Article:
Dear Spaghetti Squash Fritters,
Why are you so delicious but take so long to cook? I ate so many snacks waiting for you!
The hungry librarian
It’s now been several years since I graduated college, and have moved on to find my one true calling in life—librarianship. I honestly thought all that was done and settled. I’d never have to live or feel the college experience ever again.
And then I read Fangirl.
I was privileged to hear Rainbow Rowell speak at BEA in 2015 and let me tell you—she’s incredible. First of all, she was so funny and seemed so nice and, in the spirit of Cath and Levi and not being weird at all, she has AMAZING hair. To summarize: I really wished I could be her friend.
I hadn’t been too motivated to read her books before BEA due to the horribly-large selection of YA dystopians I was consuming by the bucket-load. But then everything changed. And by “everything changed” I mean my coworker threatened to kill me if I didn’t read Fangirl immediately. So I did.
Rainbow Rowell has managed to masterfully recreate not only my freshman year dilemma, but also recreate the exact feeling of being in college for the first time. I felt this book in my chest—I was Cath completely (minus the twin and the hot boyfriend). I didn’t drink, I stayed in all the time and I just didn’t get it. I was scared of having sex because everyone else was already more experienced and most importantly, I ate ramen noodles from my closet because I didn’t know where the dining hall was and I was too scared to ask anyone.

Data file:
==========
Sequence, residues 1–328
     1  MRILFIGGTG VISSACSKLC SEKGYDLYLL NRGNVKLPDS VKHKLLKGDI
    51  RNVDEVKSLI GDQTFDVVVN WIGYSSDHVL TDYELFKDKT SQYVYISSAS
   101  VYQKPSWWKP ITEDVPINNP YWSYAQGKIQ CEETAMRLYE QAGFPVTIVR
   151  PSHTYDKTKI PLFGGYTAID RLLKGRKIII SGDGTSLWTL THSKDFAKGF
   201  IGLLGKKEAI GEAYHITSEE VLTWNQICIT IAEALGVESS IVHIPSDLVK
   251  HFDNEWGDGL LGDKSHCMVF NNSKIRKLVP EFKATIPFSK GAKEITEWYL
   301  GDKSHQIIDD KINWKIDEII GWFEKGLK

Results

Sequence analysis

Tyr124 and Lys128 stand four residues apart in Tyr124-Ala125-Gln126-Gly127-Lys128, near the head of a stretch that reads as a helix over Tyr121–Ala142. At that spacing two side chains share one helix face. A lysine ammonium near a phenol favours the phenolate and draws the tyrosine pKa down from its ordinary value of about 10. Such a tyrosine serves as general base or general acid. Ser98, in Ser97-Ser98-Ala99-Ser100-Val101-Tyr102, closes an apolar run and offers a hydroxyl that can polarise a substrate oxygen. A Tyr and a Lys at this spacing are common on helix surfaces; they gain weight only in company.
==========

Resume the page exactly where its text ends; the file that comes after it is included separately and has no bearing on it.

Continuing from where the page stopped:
Rowell captures the betrayal of changing best friends and the hardship of having a parent with a mental disorder. It’s all there, ready to sock you in the feels.
She gives us hope too, at the end, and that’s exactly what freshman year felt like—failure fixed by friendship, self-discovery and hope.
Rainbow Rowell has very quickly become one of my favorite authors of all time—may she write one hundred thousand books!
Dear Man Riding The Subway At 2 am In A Bathrobe,
Honestly, I’m more curious than anything else. Are you even wearing pants? Are you sleep-walking? Or high? Or both? I mean, it’s a nice bathrobe.
The confused librarian
This week was okay–more holiday parties creeping up and getting in the way of a pitch-perfect week. While I find this frustrating, the thing that’s really been getting to me is the total lack of thought put into some gifts. The holidays are coming and I understand that many people want to buy their friends, coworkers, and special-someones a gift, but please do so thoughtfully. To help all of the confused or clueless, I’m going to explain buying gifts for your health-conscious fat friend!
When you’re getting ready to buy your fat friend a gift for their birthday, an upcoming holiday, or just because, you need to stop and really think for a second about the person you’re buying for. Are they watching what they’re eating? Have they come to you and expressed frustration about food, or anxiety about meals before? Do they have a food allergy? If you answered yes to any of these questions, then you need to make sure that whatever gift you’re about to buy your friend is not food.